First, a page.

Charcot on Parkinson's disease

Authors

  • Dr. Christopher G. Goetz

    Corresponding author
    1. Department of Neurological Sciences, Rush–Presbyterian–St. Lukes Medical Center, Chicago, Illinois, U.S.A.
    • Department of Neurological Sciences, Rush–Presbyterian–St. Lukes Medical Center, 1725 West Harrison Street, Chicago, IL 60612, U.S.A.
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Abstract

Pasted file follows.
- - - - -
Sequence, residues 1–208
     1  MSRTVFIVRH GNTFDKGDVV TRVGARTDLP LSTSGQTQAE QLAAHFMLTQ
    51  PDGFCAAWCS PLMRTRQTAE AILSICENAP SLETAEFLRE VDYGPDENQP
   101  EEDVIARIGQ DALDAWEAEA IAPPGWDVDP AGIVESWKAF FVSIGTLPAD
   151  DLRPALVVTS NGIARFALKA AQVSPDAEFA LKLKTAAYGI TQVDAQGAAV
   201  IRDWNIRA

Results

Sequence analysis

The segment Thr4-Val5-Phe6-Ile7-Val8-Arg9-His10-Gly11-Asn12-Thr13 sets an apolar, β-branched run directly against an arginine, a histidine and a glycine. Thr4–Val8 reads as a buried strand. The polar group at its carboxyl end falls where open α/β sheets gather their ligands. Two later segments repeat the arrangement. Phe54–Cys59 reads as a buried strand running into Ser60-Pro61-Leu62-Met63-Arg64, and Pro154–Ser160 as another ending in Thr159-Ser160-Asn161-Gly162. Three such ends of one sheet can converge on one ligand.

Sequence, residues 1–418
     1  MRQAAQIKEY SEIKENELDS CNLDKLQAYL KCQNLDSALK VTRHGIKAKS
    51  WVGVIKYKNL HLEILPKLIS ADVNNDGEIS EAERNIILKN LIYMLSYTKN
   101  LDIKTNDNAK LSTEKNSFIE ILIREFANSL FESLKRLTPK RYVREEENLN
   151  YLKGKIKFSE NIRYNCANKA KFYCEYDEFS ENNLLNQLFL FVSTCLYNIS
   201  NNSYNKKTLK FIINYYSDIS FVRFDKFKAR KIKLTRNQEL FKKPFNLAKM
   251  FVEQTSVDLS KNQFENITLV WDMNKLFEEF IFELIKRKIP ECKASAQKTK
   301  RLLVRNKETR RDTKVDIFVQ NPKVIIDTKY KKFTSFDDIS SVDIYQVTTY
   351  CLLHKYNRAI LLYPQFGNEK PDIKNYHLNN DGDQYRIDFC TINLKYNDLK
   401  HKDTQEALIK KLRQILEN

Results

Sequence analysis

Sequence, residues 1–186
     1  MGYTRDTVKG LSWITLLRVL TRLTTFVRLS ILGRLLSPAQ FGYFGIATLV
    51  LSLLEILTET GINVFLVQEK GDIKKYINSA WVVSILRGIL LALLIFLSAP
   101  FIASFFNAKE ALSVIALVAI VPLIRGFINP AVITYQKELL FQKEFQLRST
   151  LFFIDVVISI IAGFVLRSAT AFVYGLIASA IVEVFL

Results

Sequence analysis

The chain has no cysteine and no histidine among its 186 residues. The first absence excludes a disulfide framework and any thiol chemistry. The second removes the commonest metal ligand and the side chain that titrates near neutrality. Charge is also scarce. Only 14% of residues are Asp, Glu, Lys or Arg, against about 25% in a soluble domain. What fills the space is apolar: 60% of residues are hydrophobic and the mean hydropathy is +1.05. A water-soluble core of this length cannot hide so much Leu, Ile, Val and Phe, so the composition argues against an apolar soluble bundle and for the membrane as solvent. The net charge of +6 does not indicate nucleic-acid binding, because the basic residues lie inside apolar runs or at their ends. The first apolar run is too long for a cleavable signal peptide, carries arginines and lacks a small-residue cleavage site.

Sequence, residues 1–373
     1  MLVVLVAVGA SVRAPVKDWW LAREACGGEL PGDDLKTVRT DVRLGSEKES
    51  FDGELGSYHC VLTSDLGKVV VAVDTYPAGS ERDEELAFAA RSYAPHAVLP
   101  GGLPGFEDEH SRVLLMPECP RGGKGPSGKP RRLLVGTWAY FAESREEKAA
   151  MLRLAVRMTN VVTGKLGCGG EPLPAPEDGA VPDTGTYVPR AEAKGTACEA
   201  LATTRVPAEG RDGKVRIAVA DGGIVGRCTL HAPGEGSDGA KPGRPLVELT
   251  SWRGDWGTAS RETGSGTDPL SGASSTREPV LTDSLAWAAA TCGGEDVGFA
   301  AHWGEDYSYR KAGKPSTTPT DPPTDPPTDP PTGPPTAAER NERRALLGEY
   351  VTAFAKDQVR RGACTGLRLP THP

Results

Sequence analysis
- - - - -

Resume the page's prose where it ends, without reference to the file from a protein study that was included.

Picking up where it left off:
Charcot saluted Parkinson for his early observations, but condemned his use of the term “paralysis agitans.” He emphasized that patients were neither dramatically weak nor were they necessarily plagued with tremor. Charcot suggested the name “Parkinson's disease,” although he could not resist the comment in his amphitheater lecture series at the Salpětrièe that French physicians (unnamed) had probably described the disorder before 1817. Tremor, rigidity, postural instability, and bradykinesia were all recognized by Charcot. He classified the disorder as a “névrose,” meaning a neurologic disorder without a known pathologic lesion, and found little benefit from therapies available at the time, including belladonna and ergot products.

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